Sure Boeing wants the sweetest deal, anybody would. In the long run there are some big pluses from being diverse geographically. I would guess AL, San Antonio, Dallas, and MO are the main contenders. I believe Boeing is basically done with Everett.

    • The big-dollar local incentives game got rolling around 1980 for general businesses and 1990 for sports teams. Every single analysis done by neutral third parties since 1990 has shown that these deals are net losers for the regions & states that undertake them. Every one – it isn’t even close. And that’s not taking into account the race to the bottom effects across regions.

      Around here entities that signed 20-year deals ten years ago under which communities are just starting to see some benefits are coming back and threatening to break the deals/close up shop unless they get another round of incentives good for (you guessed it) 20 more years. Freedom!

    • Based on your math, if there is really $500M of new income, I don’t see how you get $50M of tax revenue in most states. Alabama state income tax maxes out at 6%, Missouri is the same, and Texas has none at all. At 5%, the incremental tax revenue would be only $25M, and the payback 40 years — even before you consider the cost of the government debt that would need to be issued to hand over the money to BA.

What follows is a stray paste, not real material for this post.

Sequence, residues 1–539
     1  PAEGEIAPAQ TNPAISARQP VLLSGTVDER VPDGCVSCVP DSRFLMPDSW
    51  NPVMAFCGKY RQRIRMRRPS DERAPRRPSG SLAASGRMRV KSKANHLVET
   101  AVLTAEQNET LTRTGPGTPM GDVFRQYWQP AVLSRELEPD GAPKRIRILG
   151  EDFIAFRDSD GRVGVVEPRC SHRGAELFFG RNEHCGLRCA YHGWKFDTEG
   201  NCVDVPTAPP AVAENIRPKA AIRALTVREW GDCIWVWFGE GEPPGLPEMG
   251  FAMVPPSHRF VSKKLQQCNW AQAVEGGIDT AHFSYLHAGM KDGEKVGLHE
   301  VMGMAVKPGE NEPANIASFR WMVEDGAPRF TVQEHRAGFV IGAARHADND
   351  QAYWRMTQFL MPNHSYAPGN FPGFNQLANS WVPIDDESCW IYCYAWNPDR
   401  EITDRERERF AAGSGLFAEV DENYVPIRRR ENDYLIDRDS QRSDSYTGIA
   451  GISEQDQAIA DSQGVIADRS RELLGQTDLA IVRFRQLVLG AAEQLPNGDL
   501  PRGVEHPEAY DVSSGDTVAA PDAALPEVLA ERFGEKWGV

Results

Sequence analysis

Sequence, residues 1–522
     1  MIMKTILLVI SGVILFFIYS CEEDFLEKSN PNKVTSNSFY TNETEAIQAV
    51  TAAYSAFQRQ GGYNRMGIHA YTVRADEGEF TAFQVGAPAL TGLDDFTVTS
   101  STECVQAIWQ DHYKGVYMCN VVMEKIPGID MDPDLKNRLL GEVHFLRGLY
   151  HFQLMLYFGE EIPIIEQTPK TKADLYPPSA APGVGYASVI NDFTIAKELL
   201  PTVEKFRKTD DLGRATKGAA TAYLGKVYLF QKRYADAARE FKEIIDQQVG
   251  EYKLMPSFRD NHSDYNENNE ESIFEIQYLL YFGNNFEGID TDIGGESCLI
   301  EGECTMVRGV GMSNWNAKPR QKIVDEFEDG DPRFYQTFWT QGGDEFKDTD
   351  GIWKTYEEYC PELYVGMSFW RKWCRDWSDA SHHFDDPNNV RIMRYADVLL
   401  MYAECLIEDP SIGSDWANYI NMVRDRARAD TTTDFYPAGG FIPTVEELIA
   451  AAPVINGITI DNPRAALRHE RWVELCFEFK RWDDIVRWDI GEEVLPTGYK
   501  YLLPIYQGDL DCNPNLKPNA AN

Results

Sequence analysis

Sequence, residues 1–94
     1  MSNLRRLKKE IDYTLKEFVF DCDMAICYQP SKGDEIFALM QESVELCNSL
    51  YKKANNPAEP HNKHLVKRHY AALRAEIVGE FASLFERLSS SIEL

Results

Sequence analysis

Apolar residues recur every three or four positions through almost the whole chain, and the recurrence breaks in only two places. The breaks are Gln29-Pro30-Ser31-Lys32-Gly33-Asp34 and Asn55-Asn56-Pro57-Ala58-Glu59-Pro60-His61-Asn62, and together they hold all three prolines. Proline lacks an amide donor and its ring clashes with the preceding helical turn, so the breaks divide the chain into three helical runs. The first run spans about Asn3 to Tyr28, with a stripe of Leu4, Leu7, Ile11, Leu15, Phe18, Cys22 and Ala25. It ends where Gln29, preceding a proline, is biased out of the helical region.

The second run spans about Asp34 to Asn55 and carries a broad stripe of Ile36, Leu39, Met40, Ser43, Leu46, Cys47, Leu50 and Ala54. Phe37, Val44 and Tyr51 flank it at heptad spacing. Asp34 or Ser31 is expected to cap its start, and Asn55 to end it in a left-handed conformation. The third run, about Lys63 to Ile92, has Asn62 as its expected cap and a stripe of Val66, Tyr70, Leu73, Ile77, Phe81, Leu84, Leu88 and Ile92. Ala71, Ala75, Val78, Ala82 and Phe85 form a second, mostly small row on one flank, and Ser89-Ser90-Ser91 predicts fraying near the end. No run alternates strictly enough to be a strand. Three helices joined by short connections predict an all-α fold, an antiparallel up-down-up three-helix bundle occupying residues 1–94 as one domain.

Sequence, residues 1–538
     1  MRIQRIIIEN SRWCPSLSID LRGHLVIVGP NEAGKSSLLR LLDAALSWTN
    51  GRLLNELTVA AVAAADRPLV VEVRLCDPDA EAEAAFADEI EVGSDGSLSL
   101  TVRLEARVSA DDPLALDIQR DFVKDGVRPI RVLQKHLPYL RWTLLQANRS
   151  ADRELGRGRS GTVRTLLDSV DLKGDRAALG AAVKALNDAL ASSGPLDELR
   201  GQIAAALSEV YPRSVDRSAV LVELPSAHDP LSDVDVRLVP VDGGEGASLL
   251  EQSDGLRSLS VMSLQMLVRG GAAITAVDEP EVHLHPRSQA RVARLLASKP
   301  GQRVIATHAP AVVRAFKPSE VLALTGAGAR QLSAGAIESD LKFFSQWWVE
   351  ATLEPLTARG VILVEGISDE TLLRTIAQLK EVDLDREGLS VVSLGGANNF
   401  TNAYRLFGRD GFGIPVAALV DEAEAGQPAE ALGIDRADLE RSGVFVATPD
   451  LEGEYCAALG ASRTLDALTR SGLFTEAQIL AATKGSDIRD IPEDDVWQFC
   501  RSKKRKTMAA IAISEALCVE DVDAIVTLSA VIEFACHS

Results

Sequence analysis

14. It’s very easy to be anti-labor when unemployment is high. Let’s all forget how we got from here to there shall we not? Indeed.

  15. Yet another example why income inequality increases in this country. The large corporations operate tax free and pass on the savings to the shareholders (the wealthy) while the employees and small businesses pay all the taxes to run the local and state governments.

  16. I don’t get it! They forgot to ask for free labor in the RFP. Oh, that is what they were trying to nibble at with their IAM deal. After all if you could get labor free or close to free you would only have material costs with these request. Can you imagine the profits and the pocket filling these aristocrats could be doing if they could cut labor cost.

    Takes me back to my American history class in high school. If I remember right I think honest Abe Lincoln put an end to that kind of stuff back in the 1860’s. Looks like history is trying to repeat itself. Oh there are no honest Abes left in todays world, but that is only my two cents on the subject.